At this point, the observers are given a chance to help Elaine by taking her place-that is, do the memory task and receive the shocks. Half of them are told that if they don't take her place, they can just continue to observe her perform the task. We call this difficult escape. The other half are told that if they don't take her place, they will be free to go; Elaine will continue, but they will not have to watch. That's what we call easy escape. The idea behind this is that if participants are egoistically motivated to reduce their own empathic concern, then in the case of the difficult escape, they'll feel obliged to help, because that's the only way to turn off the stimulus that's causing their suffering. In the easy escape, they can simply leave, so they'll be much less likely to help Elaine. However, if empathic concern produces altruistic motivation, with the goal of relieving Elaine's suffering, participants feeling empathy should be just as likely to help when escape is easy as when it is difficult.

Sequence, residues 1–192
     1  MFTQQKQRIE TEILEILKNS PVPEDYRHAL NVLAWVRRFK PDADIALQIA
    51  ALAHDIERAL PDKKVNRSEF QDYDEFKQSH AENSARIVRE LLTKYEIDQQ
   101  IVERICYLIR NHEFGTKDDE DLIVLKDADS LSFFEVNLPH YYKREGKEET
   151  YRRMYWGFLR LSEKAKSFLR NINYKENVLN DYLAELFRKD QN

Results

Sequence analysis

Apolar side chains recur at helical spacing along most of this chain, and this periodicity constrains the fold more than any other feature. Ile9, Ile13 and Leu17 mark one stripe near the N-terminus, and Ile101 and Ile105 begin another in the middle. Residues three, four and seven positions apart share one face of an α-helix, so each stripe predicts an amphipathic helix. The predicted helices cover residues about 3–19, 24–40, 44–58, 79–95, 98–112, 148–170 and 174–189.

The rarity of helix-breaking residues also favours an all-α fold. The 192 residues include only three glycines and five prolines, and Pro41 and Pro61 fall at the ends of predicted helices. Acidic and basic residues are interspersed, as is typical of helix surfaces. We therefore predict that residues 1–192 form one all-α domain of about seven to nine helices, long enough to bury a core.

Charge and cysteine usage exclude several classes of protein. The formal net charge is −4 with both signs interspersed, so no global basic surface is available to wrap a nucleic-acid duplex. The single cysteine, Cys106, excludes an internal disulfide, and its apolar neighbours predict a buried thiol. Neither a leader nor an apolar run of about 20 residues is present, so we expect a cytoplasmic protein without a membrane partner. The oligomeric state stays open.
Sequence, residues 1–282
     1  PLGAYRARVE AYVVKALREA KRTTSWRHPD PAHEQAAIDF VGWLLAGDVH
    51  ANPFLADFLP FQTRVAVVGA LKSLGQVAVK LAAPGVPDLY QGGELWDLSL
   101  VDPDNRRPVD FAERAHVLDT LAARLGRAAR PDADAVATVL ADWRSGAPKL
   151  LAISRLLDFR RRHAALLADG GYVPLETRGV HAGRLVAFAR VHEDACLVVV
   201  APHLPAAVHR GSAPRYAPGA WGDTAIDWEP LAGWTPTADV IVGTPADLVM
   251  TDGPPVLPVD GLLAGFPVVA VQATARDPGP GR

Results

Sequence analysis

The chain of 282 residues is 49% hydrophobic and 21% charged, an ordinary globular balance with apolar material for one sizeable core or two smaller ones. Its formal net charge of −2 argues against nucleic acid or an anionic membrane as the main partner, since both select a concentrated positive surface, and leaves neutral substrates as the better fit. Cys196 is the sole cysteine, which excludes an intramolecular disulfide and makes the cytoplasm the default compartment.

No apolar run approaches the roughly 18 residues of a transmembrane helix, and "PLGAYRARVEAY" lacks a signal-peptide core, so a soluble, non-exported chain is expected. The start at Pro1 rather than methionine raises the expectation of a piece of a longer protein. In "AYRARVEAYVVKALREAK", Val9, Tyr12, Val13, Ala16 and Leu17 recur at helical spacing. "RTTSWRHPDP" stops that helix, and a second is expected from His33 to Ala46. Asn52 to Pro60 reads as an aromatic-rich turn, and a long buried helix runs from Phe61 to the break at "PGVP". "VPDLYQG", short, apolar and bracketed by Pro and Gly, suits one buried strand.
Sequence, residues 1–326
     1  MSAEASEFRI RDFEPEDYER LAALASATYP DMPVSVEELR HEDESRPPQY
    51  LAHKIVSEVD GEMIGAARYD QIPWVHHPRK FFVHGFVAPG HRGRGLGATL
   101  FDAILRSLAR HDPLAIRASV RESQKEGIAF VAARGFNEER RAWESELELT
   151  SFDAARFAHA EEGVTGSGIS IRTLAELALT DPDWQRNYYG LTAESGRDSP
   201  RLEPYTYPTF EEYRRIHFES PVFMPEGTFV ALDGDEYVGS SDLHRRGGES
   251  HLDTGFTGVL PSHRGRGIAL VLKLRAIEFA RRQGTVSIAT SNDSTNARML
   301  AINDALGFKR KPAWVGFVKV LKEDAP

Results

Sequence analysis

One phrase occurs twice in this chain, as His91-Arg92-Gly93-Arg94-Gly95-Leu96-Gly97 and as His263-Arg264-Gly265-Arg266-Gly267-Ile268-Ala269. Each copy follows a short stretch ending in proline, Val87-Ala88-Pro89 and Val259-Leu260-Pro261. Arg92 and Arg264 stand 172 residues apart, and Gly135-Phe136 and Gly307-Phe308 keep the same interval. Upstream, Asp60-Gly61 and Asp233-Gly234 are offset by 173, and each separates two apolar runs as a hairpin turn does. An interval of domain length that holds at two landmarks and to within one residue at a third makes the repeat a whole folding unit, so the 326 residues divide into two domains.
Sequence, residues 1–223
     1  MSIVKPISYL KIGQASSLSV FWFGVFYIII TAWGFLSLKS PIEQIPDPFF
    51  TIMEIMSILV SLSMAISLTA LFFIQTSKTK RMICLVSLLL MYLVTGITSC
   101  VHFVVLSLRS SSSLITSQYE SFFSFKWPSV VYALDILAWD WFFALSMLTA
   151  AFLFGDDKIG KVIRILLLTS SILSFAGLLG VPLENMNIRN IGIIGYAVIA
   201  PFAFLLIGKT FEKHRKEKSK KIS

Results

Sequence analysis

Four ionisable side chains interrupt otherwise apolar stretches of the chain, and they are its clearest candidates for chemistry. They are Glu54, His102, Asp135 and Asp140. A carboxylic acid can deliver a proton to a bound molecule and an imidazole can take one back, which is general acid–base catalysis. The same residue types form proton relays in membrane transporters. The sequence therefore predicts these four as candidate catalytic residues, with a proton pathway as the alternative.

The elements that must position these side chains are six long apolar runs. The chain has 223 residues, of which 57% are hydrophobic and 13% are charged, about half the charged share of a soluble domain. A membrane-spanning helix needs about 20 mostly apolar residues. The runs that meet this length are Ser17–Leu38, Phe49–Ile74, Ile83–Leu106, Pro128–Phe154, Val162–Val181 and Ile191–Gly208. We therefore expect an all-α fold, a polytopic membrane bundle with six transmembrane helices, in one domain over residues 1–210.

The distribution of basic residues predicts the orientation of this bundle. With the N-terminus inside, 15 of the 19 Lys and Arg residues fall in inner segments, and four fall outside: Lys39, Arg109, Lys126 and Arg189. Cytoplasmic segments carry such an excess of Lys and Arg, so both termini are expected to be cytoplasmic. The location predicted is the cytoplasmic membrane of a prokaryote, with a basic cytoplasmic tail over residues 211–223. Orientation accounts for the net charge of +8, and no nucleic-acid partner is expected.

To test these competing predictions, we added another feature to the experiment. We assumed that watching Elaine react badly to the shocks would lead participants to feel a mixture of self-focused uneasiness and discomfort (personal distress) and other-focused warm, sympathetic feelings for Elaine (empathic concern). We induced half of the participants in each escape condition to misattribute their warm, sympathetic feelings to a drug they had taken as part of another experiment (actually a cornstarch placebo), and so they reported feeling predominantly personal distress as a result of watching Elaine. We induced the other half to misattribute their feelings of uneasiness and discomfort to the drug, and they reported feeling predominantly empathic concern.
What we found was that those participants for whom personal distress was dominant were much less likely to help if escape was easy than if it was difficult. That's the pattern we would expect if their motivation was egoistic, which seems to have been the case. What about the participants for whom empathic concern was dominant? For them, it made no difference whether they were given the easy or difficult escape option; a high percentage decided to help in both cases. (See figure 1.1.) This pattern is consistent with the empathy-altruism hypothesis. If your goal is to increase the other's welfare, leaving doesn't do that. The only way you can increase the other's welfare is by actually taking his or her place.